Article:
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自考高级英语试题_浙江省2009年4月自考试卷

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浙江省2009年4月自学考试高级英语试题


课程代码:10005
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Part I. Vocabulary (20%)
Directions: There are 20 incomplete sentences in this section. For each sentence there are four choices marked A, B, C and D. Choose one answer that best completes the sentence. Then write the answer on the ANSWER SHEET.
1. If this method doesn’t ______, we’ll have to think of another way.
A. come down  B. come to
C. come across  D. come off
2. The patient ______ eating anything for five days.
A. went through  B. went without
C. went on  D. went in for
3. The plane ______ so smoothly that the passengers could hardly feel it.
A. took off  B. took on
C. took down  D. took up
4. ______ friends helped him to get appointed ambassador to France.
A. Efficient  B. Influential
C. Impressive  D. Effective
5. It’s a great pity that those fine old houses had to be ______ to make way for the new road.
A. pulled up  B. pulled together
C. pulled down  D. pulled on
6. He was on the point of slipping down the slope when he heard someone shouting to him to ______ the rope.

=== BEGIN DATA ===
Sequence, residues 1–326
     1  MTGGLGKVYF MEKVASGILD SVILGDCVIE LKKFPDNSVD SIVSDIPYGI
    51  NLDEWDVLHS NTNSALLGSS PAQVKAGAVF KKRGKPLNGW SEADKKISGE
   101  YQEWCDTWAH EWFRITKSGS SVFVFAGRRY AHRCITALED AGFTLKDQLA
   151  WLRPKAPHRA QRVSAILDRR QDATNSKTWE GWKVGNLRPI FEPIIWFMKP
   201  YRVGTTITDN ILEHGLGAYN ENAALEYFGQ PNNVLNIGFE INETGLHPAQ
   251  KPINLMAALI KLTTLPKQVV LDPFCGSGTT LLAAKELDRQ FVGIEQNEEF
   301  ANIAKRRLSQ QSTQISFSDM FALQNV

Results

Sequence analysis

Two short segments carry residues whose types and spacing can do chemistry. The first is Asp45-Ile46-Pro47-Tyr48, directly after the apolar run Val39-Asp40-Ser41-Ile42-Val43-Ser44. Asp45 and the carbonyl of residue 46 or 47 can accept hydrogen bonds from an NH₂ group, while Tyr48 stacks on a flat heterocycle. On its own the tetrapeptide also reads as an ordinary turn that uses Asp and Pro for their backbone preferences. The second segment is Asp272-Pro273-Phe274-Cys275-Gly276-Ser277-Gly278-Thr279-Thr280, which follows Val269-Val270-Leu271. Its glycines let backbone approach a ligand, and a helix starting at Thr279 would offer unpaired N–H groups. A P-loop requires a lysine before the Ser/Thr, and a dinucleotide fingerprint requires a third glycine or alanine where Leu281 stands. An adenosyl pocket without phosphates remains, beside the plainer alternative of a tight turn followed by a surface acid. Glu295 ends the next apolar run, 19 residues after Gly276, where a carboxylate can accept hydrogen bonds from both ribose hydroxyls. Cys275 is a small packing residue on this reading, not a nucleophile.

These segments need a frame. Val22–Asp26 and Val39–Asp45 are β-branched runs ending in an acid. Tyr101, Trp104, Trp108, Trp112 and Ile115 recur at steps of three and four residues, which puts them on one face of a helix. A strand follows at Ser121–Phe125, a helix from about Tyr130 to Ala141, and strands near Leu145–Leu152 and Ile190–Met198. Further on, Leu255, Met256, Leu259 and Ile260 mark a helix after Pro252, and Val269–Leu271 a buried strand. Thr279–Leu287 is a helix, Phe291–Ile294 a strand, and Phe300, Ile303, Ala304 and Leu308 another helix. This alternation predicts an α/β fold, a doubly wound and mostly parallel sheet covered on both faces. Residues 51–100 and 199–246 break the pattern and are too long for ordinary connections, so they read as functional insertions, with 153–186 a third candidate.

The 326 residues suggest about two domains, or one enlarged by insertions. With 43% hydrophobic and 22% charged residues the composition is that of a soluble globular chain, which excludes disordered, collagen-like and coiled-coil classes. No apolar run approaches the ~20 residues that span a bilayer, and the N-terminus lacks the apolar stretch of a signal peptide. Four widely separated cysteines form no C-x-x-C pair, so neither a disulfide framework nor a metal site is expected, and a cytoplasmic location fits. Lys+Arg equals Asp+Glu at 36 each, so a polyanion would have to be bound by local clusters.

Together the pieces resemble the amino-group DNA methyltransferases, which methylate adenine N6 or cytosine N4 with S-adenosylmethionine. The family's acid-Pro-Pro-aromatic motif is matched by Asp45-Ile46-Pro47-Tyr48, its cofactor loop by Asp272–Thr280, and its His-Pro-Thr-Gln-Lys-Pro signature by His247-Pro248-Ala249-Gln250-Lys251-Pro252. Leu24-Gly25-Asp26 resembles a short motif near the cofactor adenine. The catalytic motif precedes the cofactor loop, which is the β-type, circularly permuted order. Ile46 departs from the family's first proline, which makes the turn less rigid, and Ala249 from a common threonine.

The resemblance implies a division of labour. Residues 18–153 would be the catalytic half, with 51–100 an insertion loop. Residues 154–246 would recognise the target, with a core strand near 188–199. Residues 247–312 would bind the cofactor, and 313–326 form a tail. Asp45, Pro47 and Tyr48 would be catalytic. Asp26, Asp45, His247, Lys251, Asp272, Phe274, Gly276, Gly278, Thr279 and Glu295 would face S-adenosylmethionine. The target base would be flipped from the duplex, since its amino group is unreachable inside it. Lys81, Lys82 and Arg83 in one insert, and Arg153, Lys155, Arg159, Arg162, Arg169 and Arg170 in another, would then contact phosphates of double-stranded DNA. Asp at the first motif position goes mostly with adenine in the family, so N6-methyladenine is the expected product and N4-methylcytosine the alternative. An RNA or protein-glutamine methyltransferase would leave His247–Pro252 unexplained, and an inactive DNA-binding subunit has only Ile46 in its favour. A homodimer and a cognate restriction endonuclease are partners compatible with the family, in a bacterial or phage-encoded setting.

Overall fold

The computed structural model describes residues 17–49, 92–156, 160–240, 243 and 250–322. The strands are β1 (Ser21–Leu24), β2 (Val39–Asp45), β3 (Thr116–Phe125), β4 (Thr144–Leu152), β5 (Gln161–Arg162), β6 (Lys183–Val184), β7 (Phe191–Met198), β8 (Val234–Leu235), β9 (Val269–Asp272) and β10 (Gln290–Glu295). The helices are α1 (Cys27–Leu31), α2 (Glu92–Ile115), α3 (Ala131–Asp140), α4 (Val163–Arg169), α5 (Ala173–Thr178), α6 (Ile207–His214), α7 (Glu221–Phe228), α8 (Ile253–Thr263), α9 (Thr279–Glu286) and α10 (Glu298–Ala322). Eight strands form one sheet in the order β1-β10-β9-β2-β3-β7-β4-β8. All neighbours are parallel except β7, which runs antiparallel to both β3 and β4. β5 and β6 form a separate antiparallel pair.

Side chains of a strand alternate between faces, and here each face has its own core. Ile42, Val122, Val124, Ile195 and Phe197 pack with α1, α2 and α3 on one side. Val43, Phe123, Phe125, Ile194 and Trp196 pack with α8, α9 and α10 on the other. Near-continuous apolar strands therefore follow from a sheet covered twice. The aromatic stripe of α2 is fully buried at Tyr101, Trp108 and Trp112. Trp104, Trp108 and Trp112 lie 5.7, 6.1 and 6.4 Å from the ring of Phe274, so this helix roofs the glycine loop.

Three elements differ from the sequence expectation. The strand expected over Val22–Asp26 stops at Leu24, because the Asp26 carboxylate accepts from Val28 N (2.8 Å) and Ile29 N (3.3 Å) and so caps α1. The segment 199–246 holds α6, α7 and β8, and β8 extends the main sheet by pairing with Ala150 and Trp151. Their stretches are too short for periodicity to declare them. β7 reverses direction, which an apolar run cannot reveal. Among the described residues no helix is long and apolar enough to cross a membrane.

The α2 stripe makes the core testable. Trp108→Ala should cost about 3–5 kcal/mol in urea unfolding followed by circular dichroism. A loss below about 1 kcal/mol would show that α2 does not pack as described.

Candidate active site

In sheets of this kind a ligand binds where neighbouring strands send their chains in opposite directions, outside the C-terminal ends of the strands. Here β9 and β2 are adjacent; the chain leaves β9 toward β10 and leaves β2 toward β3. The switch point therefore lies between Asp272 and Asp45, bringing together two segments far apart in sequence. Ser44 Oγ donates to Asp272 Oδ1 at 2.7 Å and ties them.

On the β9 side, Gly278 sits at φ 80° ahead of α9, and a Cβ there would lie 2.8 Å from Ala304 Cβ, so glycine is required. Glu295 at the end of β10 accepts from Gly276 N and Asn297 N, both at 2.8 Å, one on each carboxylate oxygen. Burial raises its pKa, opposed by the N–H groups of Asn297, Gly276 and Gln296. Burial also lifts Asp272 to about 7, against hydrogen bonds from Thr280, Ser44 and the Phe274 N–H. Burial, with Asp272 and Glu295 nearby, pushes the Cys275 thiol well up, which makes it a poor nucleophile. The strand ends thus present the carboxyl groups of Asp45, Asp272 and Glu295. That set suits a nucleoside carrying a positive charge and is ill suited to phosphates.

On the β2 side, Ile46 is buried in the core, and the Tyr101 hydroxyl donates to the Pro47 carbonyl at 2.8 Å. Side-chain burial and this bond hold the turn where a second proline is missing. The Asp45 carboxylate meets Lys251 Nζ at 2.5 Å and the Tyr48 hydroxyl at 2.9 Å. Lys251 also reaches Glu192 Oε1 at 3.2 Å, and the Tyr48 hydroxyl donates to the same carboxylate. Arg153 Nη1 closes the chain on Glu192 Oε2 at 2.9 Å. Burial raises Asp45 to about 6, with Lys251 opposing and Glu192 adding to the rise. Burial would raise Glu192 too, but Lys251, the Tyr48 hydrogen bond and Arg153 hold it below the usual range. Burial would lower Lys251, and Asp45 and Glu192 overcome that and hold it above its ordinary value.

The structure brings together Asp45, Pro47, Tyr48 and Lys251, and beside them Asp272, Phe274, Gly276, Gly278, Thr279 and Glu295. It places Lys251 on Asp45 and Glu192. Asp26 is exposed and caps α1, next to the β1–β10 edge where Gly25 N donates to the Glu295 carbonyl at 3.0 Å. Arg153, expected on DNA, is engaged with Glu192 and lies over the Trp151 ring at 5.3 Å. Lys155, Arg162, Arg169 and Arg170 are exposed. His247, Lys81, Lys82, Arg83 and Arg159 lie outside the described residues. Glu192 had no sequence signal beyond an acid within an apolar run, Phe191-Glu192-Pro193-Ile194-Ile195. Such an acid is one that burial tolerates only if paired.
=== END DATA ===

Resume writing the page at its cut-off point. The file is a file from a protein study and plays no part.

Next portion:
A. hang about  B. hang together
C. hang up  D. hang on to
7. Before he went to Europe on a business trip, Mr. Ford ______ the day-to-day management of his company to his brother.
A. turned over  B. turned out
C. turned in  D. turned up
8. It’s shameful to ______ in face of danger.
A. hold in  B. hold back
C. hold up  D. hold out
9. He ______ freedom of speech for everyone, regardless of color, race or creed.
A. stood for  B. stood up to
C. stood out  D. stood by
10. When Alfred Nobel died, an annual peace prize was established ______.
A. at his service  B. with his consent
C. in his memory  D. on his part
11. It’s hard to ______ the knowledge that he is a failure.
A. live up to  B. live by
C. live out  D. live with
12. She has such a distinctive appearance that I could ______ her ______ anywhere.
A. pick … up  B. pick … out
C. pick … at  D. pick … on
13. You have been ______ since the early hours of this morning, and I think you should stop for the good of your health.
A. working up  B. working on
C. working away  D. working off
14. Our representative, Mr. Brown, ______ an important customer on the West coast last week and renewed a contract.
A. called for  B. called forth
C. called on  D. called up
15. Mother hasn’t ______ you for quite some time. She is beginning to think you must be ill.
A. heard about  B. heard out
C. heard of  D. heard from
16. Examinations are not the only means of ______ a student’s ability.
A. assessing  B. assuming
C. asserting  D. assigning
17. Sam wanted to quit his job, but when he ______ the matter he decided not to.
A. thought ahead  B. thought out
C. thought about  D. thought back